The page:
Elements of myth in the modern theatre, with special reference to current theatre in Oman

Al Lawati, Abdul Karim Ali Jawad

October 2004

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© 2004 Abdul Karim Ali Jawad Al Lawati. All rights reserved. No part of this publication may be reproduced without the written permission of the copyright holder.

This study focuses on the relationship between myth in its classical and modern definition and the theatre, and how the developing Omani theatre can Benefit from western and Arabian experiences in this field. The study shows how myths, around the world, were the first attempt by human beings to think, explain, justify and produce concepts and images. They were the basis on which the first drama was established, and have continued to be a major source of inspiration. The study then explores various modern explanations of myth from the mid nineteenth century, in which myths were classified into various categories and attempts made to study each in isolation. It then illustrates how myths were subsequently studied by anthropologists and psychologists, as manifestations of the individual or collective conscious or unconscious realm, which confirms that myths, despite their outwardly illogical element, carry not fact itself but the essence of the fact. The author clarifies the definition and concept of myth in Islamic and Arabic culture, the meaning of the word in the Holy Quran and the attitude of Islamic and Arab scholars towards it. Consideration is also given to the explanations by modern Arab scholars for the ancient Arabs' lack of concern with myths, in contrast to the cultures of their neighbours.

The study sheds light on how the modem mythological, sociological, anthropological, theological and psychological explanations of myth are employed in contemporary theatre and how they have influenced performance and critical theories such as those of Artaud and Archetypal Criticism. It is noted that such theories played an essential role in a number of modern theatrical movements, and consequently concluded that those theories might usefully be applied in developing countries like Oman.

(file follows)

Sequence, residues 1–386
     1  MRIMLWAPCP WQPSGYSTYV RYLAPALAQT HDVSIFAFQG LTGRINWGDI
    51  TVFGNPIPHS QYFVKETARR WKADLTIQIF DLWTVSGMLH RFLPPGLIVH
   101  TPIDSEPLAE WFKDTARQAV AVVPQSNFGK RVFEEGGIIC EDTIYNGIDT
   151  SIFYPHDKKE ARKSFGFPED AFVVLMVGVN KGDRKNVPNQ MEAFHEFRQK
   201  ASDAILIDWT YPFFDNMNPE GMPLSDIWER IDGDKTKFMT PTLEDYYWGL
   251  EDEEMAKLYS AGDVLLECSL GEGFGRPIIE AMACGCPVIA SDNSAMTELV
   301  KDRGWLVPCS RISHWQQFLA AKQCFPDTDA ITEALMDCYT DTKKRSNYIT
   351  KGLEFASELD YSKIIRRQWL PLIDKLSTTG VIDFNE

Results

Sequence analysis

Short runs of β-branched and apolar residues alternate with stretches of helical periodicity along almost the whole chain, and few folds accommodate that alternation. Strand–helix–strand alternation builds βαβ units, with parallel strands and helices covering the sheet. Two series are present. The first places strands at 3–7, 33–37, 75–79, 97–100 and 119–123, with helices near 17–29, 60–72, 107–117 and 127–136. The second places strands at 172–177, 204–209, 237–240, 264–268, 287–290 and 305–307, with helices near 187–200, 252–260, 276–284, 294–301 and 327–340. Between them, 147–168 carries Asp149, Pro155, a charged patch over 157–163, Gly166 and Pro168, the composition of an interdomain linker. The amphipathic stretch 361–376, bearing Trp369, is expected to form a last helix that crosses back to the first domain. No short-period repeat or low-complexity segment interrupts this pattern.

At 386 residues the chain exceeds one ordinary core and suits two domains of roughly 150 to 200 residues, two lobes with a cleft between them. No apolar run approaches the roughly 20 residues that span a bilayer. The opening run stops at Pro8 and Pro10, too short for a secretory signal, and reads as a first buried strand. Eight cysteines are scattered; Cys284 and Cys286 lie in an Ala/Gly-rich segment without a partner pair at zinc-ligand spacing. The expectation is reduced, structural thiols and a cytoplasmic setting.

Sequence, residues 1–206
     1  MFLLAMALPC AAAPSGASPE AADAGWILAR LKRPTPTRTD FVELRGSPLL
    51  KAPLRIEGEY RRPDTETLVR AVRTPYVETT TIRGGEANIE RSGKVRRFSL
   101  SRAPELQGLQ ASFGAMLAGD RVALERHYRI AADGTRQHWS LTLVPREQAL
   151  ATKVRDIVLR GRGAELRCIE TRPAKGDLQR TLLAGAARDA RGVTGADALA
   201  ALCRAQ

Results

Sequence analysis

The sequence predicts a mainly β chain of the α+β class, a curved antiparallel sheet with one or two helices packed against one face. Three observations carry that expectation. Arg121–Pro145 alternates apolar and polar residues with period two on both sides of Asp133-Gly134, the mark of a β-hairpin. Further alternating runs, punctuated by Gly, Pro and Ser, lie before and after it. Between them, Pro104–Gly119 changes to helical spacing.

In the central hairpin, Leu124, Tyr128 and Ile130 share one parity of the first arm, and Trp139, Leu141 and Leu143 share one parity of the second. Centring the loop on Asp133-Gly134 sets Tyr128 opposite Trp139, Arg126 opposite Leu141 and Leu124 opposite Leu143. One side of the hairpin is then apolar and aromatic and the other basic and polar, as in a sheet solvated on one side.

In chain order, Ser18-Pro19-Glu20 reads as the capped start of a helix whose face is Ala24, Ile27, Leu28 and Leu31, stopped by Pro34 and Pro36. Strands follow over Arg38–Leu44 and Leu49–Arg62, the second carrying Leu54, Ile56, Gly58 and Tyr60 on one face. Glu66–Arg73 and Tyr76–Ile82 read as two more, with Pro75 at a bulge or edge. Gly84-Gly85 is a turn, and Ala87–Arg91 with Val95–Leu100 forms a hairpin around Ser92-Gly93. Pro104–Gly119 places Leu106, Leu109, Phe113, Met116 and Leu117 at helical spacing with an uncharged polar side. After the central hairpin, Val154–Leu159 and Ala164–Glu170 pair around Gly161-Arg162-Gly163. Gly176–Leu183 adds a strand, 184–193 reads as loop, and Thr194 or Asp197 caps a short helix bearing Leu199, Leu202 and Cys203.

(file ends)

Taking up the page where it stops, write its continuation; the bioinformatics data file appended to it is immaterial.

Particular attention is given to the theatre in Oman, asserting the importance of its interaction with international theatre at both theoretical and practical levels, especially with those countries, which have strong theatrical traditions. Nevertheless, alongside this is emphasised the importance of employing indigenous sources of heritage and knowledge, such as myths.

The study elucidates the role of myths in Oman's culture, in light of historical and geographical factors. It describes how mythology became an integral part of people's lives as a way of thinking about, imagining and explaining different events or phenomena in their lives.

It is concluded that theatre should be aware of this fact, and deal with it. This does not mean uncritically accepting superstitions and regressive thinking, which could be harmful, but saving the popular heritage and employing it in such a way that people recognize its advantages and disadvantages, as modern mythological studies suggest, in order to build a close relationship between the theatre and its audience, and to provide the society with new and wider intellectual and aesthetic understanding of their existing myths, for the Benefit of both theatre and society.

Department of Drama, The University of Hull
Peacock, D. Keith
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